Recently released film features romance, suspense, and forgiveness

Based on the book by M.L. Stedman, The Light Between Oceans, released on September 2 and directed by Derek Cianfrance, begins with Tom Sherbourne, a WWI veteran and the new lighthouse keeper of Janus Island. Soon after the film’s picturesque opening, he falls in love with his employer’s daughter, Isabel, played by Alicia Vikander. Tom, played by Michael Fassbender, had struggled to understand why he had survived when so many of his fellow soldiers had been killed, but through his work and even more so through his wife, he finds purpose in his life.

The film strays from the stereotypical romantic movie ending of “girl and boy finally end up together despite some obstacle.” More true to real life, there is no dire obstacle to overcome before the couple marries, but the true obstacles—which become life-defining moments—come during their marriage.

Through the film, the audience encounters a refreshing illustration of what love really is for real people. Even the trailer depicts how Tom and Isabel are devastated by their inability to have a child. This first complex hardship is where the film truly begins. The narrative progresses through the actions and decisions they make together and alone. The Light Between Oceans is essentially a film about forgiveness, honesty, human goodness, and the meaning of sacrificial love.

In particular, two elements make this film worth the watch: the characters and the cinematography.

First, even though the story mostly takes place on a small, secluded island, it incorporates a host of complex, intertwined characters on and off Janus. Each character in the film experiences a personal struggle, making it difficult for them to distinguish between what is the “fine” choice and what is the “better” choice. There is no “antagonist,” but every character causes some sort of conflict for the others and for themselves. The film invites the audience to identify with characters’ temperaments, situations, and decisions.

For example, Tom and Isabel experience the joy and first magical months of marriage together, but as time proceeds, they experience the repercussions of a major decision, which is arguably made too hastily. Although their subsequent decisions almost leave them at the brink of complete separation, it is in this absence of “feelings” and “physical attractions” that the two (perhaps one more than the other) come to realize that they must live for, be unconditionally there for, and selflessly love the other.

The film deftly brings each character to life through appropriate depth and development. Even a character that is only known through another character’s memory is given a significant role within the film. Fassbender and Vikander truly drive this film with their moving, and at times astounding, acting. At times, their gazes towards one another seem organic and unaltered by the presence of a camera.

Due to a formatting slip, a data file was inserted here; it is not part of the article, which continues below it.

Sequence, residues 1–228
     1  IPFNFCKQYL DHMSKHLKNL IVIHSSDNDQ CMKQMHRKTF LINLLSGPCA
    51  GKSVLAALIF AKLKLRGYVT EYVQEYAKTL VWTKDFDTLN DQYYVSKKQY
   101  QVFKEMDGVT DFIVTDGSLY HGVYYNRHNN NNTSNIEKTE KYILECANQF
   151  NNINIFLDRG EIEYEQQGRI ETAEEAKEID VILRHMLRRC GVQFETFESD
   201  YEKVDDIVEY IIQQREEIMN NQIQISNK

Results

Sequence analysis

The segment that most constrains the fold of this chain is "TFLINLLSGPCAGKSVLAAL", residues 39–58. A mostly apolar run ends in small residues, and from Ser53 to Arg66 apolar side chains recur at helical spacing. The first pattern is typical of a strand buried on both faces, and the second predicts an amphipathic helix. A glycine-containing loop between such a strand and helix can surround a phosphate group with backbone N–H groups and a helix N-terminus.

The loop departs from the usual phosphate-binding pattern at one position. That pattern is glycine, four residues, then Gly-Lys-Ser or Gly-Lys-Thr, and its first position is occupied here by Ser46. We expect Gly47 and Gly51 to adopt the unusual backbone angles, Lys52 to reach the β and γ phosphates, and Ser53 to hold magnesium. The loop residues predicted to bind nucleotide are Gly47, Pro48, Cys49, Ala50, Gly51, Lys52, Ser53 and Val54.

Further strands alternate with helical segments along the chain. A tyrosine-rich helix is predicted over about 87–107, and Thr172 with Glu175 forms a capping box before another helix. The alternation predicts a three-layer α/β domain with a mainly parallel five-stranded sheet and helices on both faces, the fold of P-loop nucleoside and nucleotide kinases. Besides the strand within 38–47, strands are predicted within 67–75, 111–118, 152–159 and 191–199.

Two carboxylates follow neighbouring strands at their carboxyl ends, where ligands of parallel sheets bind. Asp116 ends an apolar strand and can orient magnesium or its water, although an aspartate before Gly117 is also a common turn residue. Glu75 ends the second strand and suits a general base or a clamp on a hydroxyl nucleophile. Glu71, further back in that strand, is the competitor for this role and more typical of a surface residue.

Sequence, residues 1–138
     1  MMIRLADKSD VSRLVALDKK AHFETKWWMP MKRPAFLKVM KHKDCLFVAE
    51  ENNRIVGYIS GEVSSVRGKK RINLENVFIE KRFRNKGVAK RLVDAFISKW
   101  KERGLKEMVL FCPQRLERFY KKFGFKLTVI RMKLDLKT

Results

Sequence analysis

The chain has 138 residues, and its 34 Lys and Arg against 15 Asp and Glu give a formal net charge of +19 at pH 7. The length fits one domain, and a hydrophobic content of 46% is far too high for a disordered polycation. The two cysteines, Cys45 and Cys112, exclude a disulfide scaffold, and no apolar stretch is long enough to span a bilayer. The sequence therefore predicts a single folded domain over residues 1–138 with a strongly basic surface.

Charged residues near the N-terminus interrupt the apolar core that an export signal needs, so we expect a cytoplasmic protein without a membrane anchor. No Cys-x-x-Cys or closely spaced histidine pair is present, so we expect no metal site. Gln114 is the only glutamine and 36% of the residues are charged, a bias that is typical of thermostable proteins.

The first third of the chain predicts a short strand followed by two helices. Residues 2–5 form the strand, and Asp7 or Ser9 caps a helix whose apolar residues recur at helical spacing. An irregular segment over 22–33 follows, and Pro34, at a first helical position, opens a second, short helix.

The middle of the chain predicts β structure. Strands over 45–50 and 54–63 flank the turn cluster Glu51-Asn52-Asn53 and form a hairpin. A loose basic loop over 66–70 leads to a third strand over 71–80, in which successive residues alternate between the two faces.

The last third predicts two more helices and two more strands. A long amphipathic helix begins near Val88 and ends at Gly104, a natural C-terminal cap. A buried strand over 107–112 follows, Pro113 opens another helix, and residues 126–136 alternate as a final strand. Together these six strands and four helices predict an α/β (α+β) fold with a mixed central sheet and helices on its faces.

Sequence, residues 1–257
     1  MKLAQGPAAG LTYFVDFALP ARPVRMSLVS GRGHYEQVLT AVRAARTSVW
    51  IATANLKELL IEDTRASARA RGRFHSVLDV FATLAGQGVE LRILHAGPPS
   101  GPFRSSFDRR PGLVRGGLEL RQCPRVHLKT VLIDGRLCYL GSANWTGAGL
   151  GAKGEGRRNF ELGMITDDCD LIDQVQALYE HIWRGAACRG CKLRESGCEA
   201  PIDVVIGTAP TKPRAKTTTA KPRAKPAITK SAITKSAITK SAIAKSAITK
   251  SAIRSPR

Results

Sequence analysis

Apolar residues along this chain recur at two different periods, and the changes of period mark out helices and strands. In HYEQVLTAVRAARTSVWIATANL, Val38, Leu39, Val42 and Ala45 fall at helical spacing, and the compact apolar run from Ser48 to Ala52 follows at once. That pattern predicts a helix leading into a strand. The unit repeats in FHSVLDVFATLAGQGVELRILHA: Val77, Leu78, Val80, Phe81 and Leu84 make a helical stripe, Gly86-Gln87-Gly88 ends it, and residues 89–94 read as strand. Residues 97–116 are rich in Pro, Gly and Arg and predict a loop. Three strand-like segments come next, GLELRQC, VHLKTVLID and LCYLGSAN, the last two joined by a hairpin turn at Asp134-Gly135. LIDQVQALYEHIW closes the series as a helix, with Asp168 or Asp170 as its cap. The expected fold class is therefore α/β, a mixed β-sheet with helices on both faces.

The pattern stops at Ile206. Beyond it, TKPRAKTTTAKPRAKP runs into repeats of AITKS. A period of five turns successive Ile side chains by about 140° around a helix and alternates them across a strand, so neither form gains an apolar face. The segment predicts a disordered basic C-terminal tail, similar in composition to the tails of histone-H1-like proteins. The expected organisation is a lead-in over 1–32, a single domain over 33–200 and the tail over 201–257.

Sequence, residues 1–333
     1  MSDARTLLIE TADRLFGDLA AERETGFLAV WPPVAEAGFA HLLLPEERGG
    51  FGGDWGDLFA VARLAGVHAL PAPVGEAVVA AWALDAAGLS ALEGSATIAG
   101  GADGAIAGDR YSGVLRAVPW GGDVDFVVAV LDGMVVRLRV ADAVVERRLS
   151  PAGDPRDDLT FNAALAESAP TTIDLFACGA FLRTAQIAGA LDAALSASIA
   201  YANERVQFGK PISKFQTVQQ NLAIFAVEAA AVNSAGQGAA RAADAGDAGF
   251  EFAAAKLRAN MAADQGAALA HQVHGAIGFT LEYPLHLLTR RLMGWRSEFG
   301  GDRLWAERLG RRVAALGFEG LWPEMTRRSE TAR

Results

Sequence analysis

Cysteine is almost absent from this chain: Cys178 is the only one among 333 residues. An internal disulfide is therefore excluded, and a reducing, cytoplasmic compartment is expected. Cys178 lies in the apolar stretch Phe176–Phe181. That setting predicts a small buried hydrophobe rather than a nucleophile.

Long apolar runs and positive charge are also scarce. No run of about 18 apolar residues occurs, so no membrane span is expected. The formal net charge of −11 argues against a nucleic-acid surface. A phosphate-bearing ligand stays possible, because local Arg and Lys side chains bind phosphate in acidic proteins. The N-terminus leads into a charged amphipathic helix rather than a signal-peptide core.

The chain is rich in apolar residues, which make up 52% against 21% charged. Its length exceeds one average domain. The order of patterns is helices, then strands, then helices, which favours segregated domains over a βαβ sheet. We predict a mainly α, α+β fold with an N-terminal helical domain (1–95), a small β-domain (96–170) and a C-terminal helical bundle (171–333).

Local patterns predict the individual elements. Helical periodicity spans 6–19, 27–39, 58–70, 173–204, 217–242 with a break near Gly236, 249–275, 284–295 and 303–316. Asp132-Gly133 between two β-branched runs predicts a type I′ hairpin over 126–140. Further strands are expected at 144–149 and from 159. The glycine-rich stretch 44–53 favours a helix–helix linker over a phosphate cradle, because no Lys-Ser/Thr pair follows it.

Next, cinematographer Adam Arkpaw artfully creates each scene to match the mood of the character or to capture the beautiful landscapes of Australia and New Zealand. Each scene is composed so that the script’s emotion, the music score, and the visuals complement one another well. The crisp, carefully-crafted images seem almost to enable the frame to be frozen to capture a beautiful still that would stand on its own. The cinematography seamlessly captures the passing and cycle of time, along with the movement of the characters through its symbolic scenery. Arkpaw’s decisions regarding when to use wide angle, landscape, and close-up shots help create an underlying relationship between the sound score and the scenery. At times, it is almost as if the sound score and cinematography are creating their own dialogue while supporting the revealing elements of the characters.

Although The Light Between Oceans has its strengths, it is not without faults. The films runs for about two hours and fifteen minutes, but it could have been completed in a shorter span of time. It has a few too many sentimental moments and unnecessary scenes that excessively pull the audience’s feelings. Also, because the music score and cinematography are so astounding, they at times distract from the overall plot.

Despite the film’s closeness to being an overly-dramatic soap opera, it causes its audience to think more deeply about the power of decisions and the importance of relationships, thus making it a film worth viewing. Overall, it is a study of ethical and moral decision-making and the meaning of commitment in love.

Rover Grade: 3 out of 4 stars

Film Rating: PG-13

Crystal Avila is a senior studying Film and Television. After spending a summer in L.A., she wishes more and more that Notre Dame had some mountain views. If you ever want to go hiking, see a movie with her, or get a movie suggestion, contact her at